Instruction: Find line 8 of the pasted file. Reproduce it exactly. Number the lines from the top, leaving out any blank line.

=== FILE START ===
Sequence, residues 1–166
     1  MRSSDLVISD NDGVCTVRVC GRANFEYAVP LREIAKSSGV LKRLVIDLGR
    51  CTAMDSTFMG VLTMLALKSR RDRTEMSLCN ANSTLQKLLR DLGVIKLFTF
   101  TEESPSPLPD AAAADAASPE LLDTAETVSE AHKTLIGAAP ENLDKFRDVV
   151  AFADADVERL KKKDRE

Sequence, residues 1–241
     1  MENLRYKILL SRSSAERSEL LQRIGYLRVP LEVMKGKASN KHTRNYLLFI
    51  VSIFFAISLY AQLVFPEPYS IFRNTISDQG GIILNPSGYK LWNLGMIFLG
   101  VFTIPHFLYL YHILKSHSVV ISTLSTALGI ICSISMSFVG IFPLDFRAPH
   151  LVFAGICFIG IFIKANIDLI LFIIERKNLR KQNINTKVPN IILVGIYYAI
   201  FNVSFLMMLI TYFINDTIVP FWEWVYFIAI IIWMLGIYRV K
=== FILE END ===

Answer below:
    51  VSIFFAISLY AQLVFPEPYS IFRNTISDQG GIILNPSGYK LWNLGMIFLG